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Damon Knight

(1922-2002) Damon Francis Knight was an American science fiction author, editor, and critic. Knight’s first professional sale was a cartoon drawing to a science-fiction magazine, Amazing Stories. His first story, “Resilience”, was published in 1941. He is best known as the author of “To Serve Man,” which was adapted for The Twilight Zone. He was a recipient of the Hugo Award, founder of the Science Fiction and Fantasy Writers of America (SFWA), cofounder of the National Fantasy Fan Federation, cofounder of the Milford Writer’s Workshop, and co-founder of the Clarion Writers Workshop. Knight lived in Eugene, Oregon, with his wife Kate Wilhelm.

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The Rithian Terror: A pleasing blend of hard SF and hard-boiled espionage

The Rithian Terror by Damon Knight

A pleasing blend of futuristic science fiction and hard-boiled espionage caper, The Rithian Terror, by Damon Knight, first saw the light of day in the January 1953 issue of Startling Stories, under the title Double Meaning. For 25 cents, readers also got, in that same issue, a Murray Leinster novelette entitled “Overdrive,” as well as five short stories, including Isaac Asimov’s “Button, Button” and Jack Vance’s “Three-Legged Joe;” that’s what I call value for money! Anyway, the Knight novel later appeared in one of those cute little “Ace doubles,” and, later still, in a 1965 paperback... Read More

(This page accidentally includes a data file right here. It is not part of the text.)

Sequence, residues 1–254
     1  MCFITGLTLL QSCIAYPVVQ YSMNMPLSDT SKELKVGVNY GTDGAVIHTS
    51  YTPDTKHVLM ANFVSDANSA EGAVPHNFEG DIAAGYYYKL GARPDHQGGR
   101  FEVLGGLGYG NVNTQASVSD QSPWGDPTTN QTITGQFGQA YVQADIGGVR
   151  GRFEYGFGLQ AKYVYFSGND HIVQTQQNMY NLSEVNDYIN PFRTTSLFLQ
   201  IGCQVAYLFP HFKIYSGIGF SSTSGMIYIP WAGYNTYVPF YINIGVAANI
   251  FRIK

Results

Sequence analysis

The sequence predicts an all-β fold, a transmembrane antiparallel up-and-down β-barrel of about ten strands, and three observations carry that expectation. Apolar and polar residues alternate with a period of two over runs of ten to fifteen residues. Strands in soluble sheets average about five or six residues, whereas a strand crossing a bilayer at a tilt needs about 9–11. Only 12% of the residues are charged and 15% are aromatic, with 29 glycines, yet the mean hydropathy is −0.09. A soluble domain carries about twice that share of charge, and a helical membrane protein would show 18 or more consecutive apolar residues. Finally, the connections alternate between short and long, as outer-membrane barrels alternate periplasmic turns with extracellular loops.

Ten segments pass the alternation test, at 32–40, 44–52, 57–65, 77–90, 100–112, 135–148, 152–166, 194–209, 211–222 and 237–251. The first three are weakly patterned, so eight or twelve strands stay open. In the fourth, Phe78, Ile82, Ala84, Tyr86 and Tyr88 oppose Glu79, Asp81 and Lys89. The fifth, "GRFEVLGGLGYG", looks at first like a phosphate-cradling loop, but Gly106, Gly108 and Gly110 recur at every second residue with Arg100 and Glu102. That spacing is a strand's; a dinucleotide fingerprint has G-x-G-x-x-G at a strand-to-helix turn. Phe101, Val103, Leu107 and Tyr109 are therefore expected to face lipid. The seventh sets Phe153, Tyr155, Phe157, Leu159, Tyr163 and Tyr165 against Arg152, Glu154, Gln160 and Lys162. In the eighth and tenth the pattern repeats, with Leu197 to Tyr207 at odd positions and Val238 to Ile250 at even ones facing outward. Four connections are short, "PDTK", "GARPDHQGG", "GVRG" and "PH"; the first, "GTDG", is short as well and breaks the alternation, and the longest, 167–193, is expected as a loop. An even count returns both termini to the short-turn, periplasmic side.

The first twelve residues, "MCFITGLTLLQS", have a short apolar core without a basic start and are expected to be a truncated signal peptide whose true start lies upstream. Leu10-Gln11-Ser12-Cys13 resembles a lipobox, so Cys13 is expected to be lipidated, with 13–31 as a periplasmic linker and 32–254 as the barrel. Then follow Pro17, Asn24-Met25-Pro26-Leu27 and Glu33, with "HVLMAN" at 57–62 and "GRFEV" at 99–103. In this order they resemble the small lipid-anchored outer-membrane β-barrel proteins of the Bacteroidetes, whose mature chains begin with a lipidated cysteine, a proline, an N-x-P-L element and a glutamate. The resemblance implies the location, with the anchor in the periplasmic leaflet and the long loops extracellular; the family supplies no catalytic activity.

The Penguin Science Fiction Omnibus: An all-star lineup

The Penguin Science Fiction Omnibus edited by Brian W. Aldiss

The Penguin Science Fiction Omnibus (1973) is a compilation of three short story anthologies: Penguin Science Fiction (1961), More Penguin Science Fiction (1963), and Yet More Penguin Science Fiction (1964), all edited by Brian Aldiss. Presenting an all-star lineup of established Silver Age and burgeoning New Age writers, most all are well known names in the field, including Isaac AsimovArthur C. ClarkeJ... Read More